The list below is a (non-comprehensive) selection of what I believe should be taught first, in data science classes, based on 30 years of business experience. This is a follow up to my article Why logistic regression should be taught last.
I am not sure whether these topics below are even discussed in data camps or college classes. One of the issue is the way teachers are recruited. The recruitment process favors individuals famous for their academic achievements, or for their "star" status, and they tend to teach the same thing over and over, for decades. Successful professionals have little interest in becoming a teacher (as the saying goes: if you can't do it, you write about it, if you can't write about it, you teach it.)
It does not have to be that way. Plenty of qualified professionals, even though not being a star, would be perfect teachers and are not necessarily motivated by money. They come with tremendous experience gained in the trenches, and could be fantastic teachers, helping students deal with real data. And they do not need to be a data scientist, many engineers are entirely capable (and qualified) to provide great data science training.
Topics that should be taught very early on in a data science curriculum
I suggest the following:
- On overview of how algorithms work
- Different types of data and data issues (missing data, duplicated data, errors in data) together with exploring real-life sample data sets, and constructively criticizing them
- How to identify useful metrics
- Lifecycle of data science projects
- Introduction to programming languages, and fundamental command line instructions (Unix commands: grep, sort, uniq, head, Unix pipes, and so on.)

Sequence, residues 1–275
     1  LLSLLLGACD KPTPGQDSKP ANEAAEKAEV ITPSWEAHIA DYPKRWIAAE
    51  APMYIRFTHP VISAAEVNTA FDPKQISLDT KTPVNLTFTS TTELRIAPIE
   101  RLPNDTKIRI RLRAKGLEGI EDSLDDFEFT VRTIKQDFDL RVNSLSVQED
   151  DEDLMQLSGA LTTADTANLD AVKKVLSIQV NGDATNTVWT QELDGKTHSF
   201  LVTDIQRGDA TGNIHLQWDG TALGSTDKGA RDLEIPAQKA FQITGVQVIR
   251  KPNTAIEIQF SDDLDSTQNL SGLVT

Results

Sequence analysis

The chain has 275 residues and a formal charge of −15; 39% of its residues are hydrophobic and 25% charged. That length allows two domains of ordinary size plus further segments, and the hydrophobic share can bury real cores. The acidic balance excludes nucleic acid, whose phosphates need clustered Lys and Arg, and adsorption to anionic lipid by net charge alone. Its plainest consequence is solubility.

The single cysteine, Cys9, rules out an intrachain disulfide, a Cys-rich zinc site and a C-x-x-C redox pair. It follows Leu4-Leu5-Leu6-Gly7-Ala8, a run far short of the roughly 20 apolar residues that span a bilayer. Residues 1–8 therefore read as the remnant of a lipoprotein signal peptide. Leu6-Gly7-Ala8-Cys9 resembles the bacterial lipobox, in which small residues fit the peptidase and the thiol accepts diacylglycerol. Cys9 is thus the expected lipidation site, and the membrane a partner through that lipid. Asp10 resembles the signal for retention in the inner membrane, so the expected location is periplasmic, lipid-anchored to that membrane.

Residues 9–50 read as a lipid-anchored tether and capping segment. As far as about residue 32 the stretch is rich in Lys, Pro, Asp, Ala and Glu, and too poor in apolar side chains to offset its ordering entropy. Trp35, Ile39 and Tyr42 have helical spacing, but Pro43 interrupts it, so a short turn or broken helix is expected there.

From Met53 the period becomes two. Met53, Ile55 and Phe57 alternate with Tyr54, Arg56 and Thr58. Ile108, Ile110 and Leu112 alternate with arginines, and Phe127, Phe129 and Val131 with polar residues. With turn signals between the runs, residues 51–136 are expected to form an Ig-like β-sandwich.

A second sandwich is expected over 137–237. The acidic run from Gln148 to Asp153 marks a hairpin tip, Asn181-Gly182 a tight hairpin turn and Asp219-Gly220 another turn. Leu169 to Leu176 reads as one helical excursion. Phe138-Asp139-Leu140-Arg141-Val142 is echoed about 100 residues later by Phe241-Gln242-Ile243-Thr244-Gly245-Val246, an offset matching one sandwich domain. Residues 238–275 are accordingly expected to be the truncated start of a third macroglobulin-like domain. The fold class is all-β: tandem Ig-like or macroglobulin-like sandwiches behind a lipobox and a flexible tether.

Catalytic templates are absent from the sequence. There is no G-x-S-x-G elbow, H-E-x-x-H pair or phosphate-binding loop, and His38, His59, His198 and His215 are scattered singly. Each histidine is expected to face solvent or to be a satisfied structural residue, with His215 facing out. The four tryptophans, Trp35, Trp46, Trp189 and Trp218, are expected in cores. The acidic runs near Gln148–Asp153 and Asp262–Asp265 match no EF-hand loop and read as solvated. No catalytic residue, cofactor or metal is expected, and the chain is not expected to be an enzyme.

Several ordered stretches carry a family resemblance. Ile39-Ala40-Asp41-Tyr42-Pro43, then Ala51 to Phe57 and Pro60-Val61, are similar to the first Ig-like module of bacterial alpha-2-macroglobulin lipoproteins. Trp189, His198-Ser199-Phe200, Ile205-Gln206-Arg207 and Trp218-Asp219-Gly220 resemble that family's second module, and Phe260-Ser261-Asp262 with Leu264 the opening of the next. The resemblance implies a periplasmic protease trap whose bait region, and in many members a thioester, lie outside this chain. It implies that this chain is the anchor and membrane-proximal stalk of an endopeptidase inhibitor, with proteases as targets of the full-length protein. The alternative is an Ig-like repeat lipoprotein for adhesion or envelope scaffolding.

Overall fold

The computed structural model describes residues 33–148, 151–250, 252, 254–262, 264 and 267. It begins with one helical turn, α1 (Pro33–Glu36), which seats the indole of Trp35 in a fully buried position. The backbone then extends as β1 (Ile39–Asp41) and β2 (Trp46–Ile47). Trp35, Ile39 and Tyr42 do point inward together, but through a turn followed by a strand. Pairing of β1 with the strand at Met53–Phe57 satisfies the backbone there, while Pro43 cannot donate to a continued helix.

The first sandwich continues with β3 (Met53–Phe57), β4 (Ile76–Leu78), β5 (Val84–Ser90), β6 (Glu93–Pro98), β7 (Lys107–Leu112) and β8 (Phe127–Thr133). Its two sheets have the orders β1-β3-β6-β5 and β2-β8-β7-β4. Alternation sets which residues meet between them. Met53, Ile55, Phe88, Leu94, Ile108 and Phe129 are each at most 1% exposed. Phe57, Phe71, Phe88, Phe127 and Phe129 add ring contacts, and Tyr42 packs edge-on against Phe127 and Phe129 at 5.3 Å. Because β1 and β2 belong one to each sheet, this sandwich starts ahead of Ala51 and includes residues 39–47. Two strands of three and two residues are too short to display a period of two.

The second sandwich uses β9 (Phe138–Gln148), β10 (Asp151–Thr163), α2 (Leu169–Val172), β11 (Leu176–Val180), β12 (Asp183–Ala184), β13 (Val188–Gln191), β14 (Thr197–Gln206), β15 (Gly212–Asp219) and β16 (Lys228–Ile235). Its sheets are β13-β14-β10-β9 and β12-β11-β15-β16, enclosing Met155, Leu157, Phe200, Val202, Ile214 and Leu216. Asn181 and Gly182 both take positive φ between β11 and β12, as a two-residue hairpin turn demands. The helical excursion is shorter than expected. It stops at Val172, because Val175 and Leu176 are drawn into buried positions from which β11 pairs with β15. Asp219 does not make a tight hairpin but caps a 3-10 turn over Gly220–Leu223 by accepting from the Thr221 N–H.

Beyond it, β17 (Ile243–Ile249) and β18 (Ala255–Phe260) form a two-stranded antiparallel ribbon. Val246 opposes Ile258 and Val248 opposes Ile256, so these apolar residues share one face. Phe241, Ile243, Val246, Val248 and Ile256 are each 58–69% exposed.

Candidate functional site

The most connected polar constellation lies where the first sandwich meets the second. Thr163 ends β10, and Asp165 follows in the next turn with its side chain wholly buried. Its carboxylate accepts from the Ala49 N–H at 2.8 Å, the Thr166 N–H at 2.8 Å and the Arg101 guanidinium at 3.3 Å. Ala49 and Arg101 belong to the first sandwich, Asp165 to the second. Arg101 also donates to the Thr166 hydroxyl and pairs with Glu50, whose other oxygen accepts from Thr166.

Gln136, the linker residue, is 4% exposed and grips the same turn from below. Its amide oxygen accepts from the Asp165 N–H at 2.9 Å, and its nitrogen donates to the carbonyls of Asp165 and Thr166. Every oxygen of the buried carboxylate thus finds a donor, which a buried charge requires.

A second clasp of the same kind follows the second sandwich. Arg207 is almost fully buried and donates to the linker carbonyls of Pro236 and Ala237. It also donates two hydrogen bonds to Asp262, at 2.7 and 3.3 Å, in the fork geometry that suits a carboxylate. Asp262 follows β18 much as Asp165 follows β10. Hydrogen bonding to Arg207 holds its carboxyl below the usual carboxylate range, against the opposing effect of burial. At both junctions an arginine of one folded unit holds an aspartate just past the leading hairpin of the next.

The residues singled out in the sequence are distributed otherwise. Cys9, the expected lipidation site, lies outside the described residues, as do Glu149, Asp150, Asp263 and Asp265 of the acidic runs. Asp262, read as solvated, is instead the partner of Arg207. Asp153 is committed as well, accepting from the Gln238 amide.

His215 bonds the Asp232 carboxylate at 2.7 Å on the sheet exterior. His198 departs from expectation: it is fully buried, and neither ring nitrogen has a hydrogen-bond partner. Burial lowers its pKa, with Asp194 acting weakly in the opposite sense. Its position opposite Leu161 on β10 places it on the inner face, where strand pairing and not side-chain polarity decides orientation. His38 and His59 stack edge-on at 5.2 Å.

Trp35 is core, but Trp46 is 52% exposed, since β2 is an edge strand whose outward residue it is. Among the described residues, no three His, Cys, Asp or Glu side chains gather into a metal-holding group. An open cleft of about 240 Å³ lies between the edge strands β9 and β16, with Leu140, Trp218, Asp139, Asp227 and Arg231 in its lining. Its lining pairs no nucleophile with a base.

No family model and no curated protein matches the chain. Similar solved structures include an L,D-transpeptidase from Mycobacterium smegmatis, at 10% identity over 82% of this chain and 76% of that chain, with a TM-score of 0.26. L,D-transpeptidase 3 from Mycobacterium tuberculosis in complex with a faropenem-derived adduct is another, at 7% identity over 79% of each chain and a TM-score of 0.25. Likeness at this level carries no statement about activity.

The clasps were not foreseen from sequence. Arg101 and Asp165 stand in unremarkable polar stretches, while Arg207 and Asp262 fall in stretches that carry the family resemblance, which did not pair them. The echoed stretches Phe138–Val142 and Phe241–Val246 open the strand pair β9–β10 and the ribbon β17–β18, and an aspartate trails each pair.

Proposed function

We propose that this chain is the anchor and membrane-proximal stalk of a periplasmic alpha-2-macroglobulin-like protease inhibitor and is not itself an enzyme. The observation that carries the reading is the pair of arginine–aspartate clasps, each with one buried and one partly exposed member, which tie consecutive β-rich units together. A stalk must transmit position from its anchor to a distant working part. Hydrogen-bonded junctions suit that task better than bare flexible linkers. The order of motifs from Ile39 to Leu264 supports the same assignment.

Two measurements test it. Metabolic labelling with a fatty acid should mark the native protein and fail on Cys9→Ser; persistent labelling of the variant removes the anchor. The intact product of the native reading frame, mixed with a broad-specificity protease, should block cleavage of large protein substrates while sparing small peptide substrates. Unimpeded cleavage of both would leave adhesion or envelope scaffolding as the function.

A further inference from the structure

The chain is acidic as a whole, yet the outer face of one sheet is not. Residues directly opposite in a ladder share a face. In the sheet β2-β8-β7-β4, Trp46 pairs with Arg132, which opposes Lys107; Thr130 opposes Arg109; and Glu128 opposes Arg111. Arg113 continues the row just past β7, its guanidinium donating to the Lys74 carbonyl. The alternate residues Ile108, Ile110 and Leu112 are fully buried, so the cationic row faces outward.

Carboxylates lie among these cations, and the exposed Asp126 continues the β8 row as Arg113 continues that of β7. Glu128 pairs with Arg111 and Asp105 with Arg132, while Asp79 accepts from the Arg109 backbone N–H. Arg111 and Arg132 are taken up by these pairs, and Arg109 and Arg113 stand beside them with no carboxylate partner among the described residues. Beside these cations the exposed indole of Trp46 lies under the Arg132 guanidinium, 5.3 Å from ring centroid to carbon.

- Communicating results to non experts and understanding requests from decision makers (translating requests into action items for the data scientist)
- Overview of popular techniques with pluses and minuses, and when to use them
- Case studies
- Being able to identify flawed studies
By contrast, here is a typical list of topics discussed first, in traditional data science classes:
- Probability theory, random variables, maximum likelihood estimation
- Linear regression, logistic regression, analysis of variance, general linear model
- K-NN (nearest neighbors clustering), hierarchical clustering
- Test of hypotheses, non-parametric statistics, Markov chains, time series
- NLP, especially world clouds (applied to small sample Twitter data)
- Collaborative filtering algorithms
- Neural networks, decision trees, linear discriminant analysis, naive Bayes
There is nothing fundamentally wrong about these techniques (except the two last ones), but you are unlikely to use them in your career -- not the rudimentary version presented in the classroom anyway -- unless your are in a team of like-minded people all using the same old-fashioned black box tools. Indeed they should be taught, but maybe not at the beginning.
Topics that should also be included in a data science curriculum
The ones listed below should not be taught at the very beginning, but are very useful, and rarely included in standard curricula:
- Model selection, tool (product) selection, algorithm selection
- Rules of thumb
- Best practices
- Turning unstructured data into structured data (creating taxonomies, cataloging algorithms and automated tagging)
- Blending multiple techniques to get the best of each of them, as described here
- Measuring model performance (R-Squared is the worst metric, but usually the only one taught in the classroom)
- Data augmentation (finding external data sets and features to get better predictive power, blending it with internal data)
- Building your own home-made models and algorithms
- The curse of big data (different from the curse of dimensionality) and how to discriminate between correlation and causation
- How frequently data science implementations (for instance, look-up tables) should be updated
- From designing a prototype to deployment in production mode: caveats
- Monte-Carlo simulations (a simple alternative to computing confidence intervals and test statistical hypotheses, without even knowing what a random variable is.)
To find out more about these techniques, use our search box to find literature about the topic in question.
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